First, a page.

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This article was published 11/3/2019 (318 days ago), so information in it may no longer be current.
Ottawa professor Pius Adesanmi, one of the 18 Canadians killed in Sunday's Ethiopian Airlines crash, is being remembered as a public intellectual whose outreach to Africans across the globe shaped the way Canada is seen abroad.
The Nigerian-born scholar was on his way to a meeting in Nairobi, Kenya, when the jet went down shortly after takeoff from Addis Ababa airport, killing all 157 aboard.
The death of the director of Carleton University's Institute of African Studies sent shockwaves through the academic community and on social media, where Adesanmi was mourned by a "cult following" of more than 40,000 Twitter users, said Nduka Otiono, a fellow Carleton professor and Adesanmi's friend of 25 years.
"I think it's difficult to begin to imagine the depth and the breadth of the devastation a whole lot of people and different communities have felt with the demise of Pius," said Otiono. "More so because of the traumatic way it happened."
Also a professor in Carleton's Department of English Language and Literature, Adesanmi's scholarship on African and post-colonial writing, culture and politics made him a "towering figure" in the field, said the school's president, Benoit-Antoine Bacon.
In 2010, Adesanmi was named the winner of the inaugural Penguin Prize for African non-fiction writing for "You're Not a Country, Africa," his collection of essays examining his relationship to the continent as a Nigerian-Canadian.
Adesanmi's political activism could not be contained to the rarefied realm of academia, said Otiono. He amplified his wide-ranging commentary on African issues in public talks, popular publications and the online "world of the avatar," his colleague said.
"He actually did ... go out of the traditional places that academics inhabit, to operate as a public intellectual and to reach the widest number of people that he could, as a way of mobilizing, especially youth, towards political engagement (and) positive change."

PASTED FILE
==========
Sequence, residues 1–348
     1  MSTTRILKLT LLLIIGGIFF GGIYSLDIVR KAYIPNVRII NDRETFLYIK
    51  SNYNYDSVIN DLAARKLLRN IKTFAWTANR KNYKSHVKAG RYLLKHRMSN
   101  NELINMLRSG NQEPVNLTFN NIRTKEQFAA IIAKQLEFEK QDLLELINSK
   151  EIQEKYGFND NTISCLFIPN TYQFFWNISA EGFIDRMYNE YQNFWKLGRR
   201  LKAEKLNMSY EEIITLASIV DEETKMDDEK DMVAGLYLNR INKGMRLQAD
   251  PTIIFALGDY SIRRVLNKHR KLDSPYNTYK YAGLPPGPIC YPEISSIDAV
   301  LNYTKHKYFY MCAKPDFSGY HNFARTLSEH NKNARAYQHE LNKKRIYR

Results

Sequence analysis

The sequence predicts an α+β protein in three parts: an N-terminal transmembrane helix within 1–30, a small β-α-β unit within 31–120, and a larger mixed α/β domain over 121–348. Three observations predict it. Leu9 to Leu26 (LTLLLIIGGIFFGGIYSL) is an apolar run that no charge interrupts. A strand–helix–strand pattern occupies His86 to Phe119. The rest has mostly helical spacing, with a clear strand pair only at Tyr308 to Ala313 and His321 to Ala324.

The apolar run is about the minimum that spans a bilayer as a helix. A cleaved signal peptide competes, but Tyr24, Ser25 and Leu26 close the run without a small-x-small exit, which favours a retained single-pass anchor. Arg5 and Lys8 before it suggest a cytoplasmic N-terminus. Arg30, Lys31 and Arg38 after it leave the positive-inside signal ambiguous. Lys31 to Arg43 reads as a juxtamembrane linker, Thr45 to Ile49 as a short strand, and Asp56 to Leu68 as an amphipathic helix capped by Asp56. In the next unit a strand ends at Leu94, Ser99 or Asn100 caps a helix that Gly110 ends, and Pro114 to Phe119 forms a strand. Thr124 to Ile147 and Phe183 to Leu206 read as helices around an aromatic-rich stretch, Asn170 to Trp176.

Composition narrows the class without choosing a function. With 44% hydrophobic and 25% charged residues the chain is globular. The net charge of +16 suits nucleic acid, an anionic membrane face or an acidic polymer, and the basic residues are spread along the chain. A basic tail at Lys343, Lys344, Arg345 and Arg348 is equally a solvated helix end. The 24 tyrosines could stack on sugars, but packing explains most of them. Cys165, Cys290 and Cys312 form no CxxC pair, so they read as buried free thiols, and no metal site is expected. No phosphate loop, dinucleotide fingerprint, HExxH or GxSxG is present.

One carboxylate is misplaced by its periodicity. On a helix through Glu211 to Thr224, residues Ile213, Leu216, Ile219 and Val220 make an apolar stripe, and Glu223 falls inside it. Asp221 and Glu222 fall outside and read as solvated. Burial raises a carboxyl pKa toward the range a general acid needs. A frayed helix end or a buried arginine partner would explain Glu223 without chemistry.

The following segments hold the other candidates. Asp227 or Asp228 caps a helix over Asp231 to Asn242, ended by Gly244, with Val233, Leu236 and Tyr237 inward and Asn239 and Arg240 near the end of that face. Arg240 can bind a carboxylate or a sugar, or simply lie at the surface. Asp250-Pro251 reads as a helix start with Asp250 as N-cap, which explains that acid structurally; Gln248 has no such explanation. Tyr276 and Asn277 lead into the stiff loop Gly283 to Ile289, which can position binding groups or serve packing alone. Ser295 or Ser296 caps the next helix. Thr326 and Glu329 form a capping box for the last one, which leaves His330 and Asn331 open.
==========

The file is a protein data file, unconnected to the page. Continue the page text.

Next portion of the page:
At the same time, Adesanmi frequently travelled to Africa to foster relationships on the ground, said Otiono, serving as a visiting professor at the University of Ghana and working with the African Union.
He brought that same charisma and collaborative spirit to his leadership at Carleton's Institute of African Studies, said Otiono, deepening the scholarship in Canada and elevating the school's program to international renown.
"He (had) a certain sense that we should be more than something that caters to the interest of students and professors, (but) something that should also establish a wider network and connections with the city and with the community," said Otiono.
"There's certain times when I believe there will be continued celebration of his achievement, and at the same time, that very deep sense of loss. That's what his absence has meant."
Adesanmi's death is being felt on both sides of his "hyphenated identity," said Otiono. But he is saddened that many Canadians are only learning about Adesanmi due to the public nature of his death, rather than his reputation as an intellectual.
"Until this incident … Canadians didn't quite know that we had in our midst a young man who has had tremendous impact on the (African) continent, and then who continued to shift the way people outside of Canada, certainly in the African continent, related to Canada as a great place."